No safe haven from sexual violence

When I got my driver’s license, I was excited for the freedom to drive wherever I wanted, whenever I wanted. Whether it was going to the mall with friends or quick snack runs with my sisters, the options felt endless.

But this feeling quickly went away. I started to become more aware of how dangerous this opportunity really was. On both the news and social media, there were frequent stories about females who were attacked, kidnapped or even worse. 

I often found myself asking: do I really want to go out? Is it safe? Whenever I drove alone at night, I often called a friend until I got home, just in case.

Clearly, my worries were not unwarranted. On Oct. 19 in Westfield, a woman went for a run in her neighborhood during broad daylight, but was followed by a man who broke into her house and sexually assaulted her at knifepoint. Fortunately, a suspect has been detained since the incident.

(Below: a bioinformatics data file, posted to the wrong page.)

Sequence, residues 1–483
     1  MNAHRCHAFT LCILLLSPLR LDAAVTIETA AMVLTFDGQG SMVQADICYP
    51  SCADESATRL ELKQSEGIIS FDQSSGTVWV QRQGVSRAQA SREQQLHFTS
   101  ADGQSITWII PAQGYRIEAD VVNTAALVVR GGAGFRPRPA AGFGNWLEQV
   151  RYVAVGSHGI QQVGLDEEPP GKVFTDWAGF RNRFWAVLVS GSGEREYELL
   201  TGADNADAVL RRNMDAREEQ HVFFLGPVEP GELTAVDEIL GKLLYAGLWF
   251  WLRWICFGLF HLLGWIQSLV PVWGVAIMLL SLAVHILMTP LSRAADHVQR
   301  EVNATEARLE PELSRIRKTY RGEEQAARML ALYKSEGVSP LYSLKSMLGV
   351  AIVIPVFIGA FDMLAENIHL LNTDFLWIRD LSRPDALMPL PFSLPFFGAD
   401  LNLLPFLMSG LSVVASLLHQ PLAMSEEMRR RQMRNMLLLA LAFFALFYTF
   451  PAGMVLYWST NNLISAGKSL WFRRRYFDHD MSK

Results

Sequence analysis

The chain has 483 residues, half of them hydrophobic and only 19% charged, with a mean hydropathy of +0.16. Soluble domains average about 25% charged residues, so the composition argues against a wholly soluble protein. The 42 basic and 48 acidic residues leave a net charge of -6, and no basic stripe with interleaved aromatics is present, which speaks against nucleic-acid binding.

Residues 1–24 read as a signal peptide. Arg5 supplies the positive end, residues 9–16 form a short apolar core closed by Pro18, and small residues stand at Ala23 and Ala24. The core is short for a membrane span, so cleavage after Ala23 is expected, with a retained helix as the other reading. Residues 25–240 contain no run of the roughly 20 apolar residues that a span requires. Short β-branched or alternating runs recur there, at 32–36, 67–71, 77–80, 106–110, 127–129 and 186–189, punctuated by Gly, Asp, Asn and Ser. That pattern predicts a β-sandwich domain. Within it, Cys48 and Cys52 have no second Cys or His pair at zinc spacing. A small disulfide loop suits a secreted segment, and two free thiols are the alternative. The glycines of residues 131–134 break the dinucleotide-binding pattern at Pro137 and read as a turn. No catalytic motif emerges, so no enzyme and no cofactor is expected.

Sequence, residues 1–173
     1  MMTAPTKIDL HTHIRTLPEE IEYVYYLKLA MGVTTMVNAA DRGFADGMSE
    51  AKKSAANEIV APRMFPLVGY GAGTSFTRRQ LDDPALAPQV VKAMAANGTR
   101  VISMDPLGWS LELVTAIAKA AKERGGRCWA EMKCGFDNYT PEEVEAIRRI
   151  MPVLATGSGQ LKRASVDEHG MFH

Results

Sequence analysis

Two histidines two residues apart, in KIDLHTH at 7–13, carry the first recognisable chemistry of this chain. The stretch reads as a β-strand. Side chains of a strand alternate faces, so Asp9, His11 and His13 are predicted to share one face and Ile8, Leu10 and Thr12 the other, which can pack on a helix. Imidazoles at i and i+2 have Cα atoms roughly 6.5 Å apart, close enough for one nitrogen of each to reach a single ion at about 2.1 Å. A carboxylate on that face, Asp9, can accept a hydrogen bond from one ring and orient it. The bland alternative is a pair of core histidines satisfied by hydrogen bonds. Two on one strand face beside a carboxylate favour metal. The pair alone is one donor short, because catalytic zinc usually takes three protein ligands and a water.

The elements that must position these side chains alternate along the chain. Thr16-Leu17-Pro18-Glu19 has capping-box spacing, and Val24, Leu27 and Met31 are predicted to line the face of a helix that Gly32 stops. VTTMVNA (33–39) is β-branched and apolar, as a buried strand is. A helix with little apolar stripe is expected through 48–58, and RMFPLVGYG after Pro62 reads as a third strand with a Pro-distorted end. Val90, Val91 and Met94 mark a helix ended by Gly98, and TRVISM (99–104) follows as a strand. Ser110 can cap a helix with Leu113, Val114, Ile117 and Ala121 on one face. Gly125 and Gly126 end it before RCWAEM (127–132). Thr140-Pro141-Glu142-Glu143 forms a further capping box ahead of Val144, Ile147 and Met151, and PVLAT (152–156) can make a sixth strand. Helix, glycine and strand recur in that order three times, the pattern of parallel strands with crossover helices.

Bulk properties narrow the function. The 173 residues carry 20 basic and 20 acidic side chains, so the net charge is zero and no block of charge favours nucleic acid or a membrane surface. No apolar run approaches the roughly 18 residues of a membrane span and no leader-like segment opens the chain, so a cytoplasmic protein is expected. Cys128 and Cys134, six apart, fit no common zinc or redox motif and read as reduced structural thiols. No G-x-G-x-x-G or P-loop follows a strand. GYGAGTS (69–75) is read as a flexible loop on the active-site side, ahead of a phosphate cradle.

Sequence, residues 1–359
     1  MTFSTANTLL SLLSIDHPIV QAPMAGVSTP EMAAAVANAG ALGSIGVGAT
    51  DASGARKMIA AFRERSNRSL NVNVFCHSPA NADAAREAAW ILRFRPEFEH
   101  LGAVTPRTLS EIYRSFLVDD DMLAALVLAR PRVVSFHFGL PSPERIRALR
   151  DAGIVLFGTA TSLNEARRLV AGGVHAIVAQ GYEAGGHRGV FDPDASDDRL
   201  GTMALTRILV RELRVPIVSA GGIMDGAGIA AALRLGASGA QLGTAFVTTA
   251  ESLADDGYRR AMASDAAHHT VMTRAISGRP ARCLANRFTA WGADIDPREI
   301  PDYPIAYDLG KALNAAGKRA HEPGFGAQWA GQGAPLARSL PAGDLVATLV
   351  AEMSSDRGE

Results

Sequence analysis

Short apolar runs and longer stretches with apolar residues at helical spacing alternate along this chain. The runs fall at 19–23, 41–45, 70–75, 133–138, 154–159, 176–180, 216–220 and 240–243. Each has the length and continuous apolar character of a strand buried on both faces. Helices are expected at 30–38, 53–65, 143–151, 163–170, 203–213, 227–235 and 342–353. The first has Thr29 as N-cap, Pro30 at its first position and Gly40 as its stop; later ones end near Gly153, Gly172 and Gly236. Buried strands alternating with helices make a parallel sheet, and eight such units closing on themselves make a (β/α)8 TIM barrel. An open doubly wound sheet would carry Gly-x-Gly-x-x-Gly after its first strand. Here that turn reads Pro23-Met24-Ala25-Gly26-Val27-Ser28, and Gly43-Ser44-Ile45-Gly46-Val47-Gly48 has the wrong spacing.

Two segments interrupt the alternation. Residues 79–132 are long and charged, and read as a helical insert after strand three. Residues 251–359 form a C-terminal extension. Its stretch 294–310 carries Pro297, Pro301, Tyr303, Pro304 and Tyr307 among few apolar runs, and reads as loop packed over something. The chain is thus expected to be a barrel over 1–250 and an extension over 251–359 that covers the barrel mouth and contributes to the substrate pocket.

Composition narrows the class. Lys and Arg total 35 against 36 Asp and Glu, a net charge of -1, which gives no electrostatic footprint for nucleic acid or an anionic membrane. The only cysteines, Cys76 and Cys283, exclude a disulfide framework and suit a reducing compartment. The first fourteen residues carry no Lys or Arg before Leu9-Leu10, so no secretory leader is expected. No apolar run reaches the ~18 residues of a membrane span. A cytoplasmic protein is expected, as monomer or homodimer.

This is a nationwide problem. According the National Sexual Violence Resource Center, one in five women in the U.S. experience an attempted or completed rape in their lifetime, 81 percent say they have experienced any form of sexual harrassment (i.e. catcalling, unwanted touching, explicit comments) and in 2018, there were an estimated 730,000 threatened, attempted and completed rape cases. Since 2018, these numbers have only gone up.

However, it is unfair to burden women and pressure them to become more informed on how to protect themselves, even to a paranoid level, instead of teaching males that this behavior is unacceptable. While drink covers for parties or self defense classes using household items are innovative strategies for safety, we must ask ourselves if this is truly fair.

We have to stop letting this cycle continue and teach men how to act, instead of scaring our daughters into being cautious their entire lives. There is no reason why me, my friends and my female classmates should be continuously looking over our shoulders while walking in public areas or checking under our cars to make sure someone isn’t trying to slash our ankles. 

Westfield is known for being a safe community, but still, these fears felt by many women have only increased after last week’s horrifying incident. While this conversation is uncomfortable, it’s necessary and it needs to happen now.